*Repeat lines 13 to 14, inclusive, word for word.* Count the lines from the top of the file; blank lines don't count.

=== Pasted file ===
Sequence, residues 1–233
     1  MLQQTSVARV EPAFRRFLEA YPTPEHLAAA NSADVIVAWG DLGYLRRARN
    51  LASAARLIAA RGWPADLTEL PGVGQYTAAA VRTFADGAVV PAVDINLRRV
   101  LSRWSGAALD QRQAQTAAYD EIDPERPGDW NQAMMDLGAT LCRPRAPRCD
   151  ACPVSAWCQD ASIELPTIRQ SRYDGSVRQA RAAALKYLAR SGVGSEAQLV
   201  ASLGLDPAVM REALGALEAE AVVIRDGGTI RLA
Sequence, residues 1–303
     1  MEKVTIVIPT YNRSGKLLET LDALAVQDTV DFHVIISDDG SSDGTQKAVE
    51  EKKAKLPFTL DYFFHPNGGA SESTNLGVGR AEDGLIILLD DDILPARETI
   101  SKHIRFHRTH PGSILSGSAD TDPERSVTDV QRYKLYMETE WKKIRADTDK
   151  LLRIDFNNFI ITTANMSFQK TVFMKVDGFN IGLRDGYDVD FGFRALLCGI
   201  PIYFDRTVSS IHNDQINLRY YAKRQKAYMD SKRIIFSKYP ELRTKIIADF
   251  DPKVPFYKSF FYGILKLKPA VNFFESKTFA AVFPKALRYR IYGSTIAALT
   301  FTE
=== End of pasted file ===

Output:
   251  DPKVPFYKSF FYGILKLKPA VNFFESKTFA AVFPKALRYR IYGSTIAALT
   301  FTE